How can libraries serve people who have the attribute of being diffabled? This LibGuide is a start to addressing this question with a few examples of a program that my co-worker and I piloted and some resources for teens and young adults. Here I am listing some community resources and potential partners and examples of programs that are being/have been offered. I would love to be able to offer Adapted Summer Reading Program sessions again both for teens and young adults and maybe for younger kids as well. I would like to explore other programming options including a Transition or Job Fair where we could invite partners from the community include St. Paul Public Schools, advocacy groups, community integration/employment partners to present information at tables and/or in workshops so that families and individuals could come to get information on options that are available.Other ideas are to explore working with groups like Upstream Arts which uses the arts to foster communication and social independence or Highland Friendship Club which works to create and provide access to opportunities for teens and adults with disabilities to develop lifelong skills, friendships, and connections to the community. I also think it would be great to have chances to explore technology like an Adapted Createch type activity. If you have feedback on this LibGuide or thoughts about programs, please feel free to contact me at: firstname.lastname@example.org or 651-266-7000, #5, ask for Erin.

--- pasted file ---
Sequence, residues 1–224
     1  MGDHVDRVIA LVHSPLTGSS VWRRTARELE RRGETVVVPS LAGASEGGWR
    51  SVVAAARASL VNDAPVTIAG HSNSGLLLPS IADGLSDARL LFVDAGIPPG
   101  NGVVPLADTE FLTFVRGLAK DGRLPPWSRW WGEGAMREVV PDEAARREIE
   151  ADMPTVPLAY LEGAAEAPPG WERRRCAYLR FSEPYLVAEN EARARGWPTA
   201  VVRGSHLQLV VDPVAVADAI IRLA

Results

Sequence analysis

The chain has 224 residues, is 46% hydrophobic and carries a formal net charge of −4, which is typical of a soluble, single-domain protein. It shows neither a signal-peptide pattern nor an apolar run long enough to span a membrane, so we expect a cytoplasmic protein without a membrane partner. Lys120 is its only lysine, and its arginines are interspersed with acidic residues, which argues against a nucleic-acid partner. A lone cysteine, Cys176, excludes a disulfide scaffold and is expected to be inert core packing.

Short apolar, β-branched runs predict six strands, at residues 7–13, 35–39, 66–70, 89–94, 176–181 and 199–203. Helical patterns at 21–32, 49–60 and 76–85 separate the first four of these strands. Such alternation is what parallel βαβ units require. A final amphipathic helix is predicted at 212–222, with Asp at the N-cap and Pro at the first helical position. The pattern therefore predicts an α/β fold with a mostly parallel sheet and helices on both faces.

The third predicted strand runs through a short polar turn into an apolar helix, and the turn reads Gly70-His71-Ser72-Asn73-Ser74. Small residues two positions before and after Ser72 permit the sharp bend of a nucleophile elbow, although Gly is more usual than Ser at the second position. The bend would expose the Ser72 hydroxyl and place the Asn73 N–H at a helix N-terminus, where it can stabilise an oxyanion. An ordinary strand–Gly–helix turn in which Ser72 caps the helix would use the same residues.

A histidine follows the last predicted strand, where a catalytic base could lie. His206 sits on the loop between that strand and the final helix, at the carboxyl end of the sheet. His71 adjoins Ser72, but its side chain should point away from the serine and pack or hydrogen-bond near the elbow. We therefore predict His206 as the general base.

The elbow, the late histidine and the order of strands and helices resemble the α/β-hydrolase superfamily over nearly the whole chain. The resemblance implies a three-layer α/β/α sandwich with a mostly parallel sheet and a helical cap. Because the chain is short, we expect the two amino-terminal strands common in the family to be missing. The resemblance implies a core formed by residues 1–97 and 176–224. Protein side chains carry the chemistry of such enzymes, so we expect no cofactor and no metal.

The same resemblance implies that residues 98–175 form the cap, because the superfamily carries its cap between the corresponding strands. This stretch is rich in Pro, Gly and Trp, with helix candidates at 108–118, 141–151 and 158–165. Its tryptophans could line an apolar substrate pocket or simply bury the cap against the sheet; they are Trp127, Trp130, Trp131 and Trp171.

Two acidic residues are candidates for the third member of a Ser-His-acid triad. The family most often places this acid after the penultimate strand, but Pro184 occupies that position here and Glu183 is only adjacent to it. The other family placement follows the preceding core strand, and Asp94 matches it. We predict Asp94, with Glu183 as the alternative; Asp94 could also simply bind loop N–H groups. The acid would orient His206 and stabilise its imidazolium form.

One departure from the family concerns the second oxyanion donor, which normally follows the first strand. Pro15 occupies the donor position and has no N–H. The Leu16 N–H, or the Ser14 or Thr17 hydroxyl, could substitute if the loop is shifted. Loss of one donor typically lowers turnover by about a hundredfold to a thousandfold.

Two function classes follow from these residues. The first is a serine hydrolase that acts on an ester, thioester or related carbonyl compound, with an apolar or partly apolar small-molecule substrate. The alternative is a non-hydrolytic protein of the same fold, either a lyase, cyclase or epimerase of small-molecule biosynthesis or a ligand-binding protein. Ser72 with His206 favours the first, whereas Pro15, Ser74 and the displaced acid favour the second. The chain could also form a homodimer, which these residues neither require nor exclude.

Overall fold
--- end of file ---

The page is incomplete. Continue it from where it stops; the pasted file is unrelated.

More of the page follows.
Recreational opportunities can also be found by contacting city/county/state departments, schools and other educational institutions, and advocacy groups.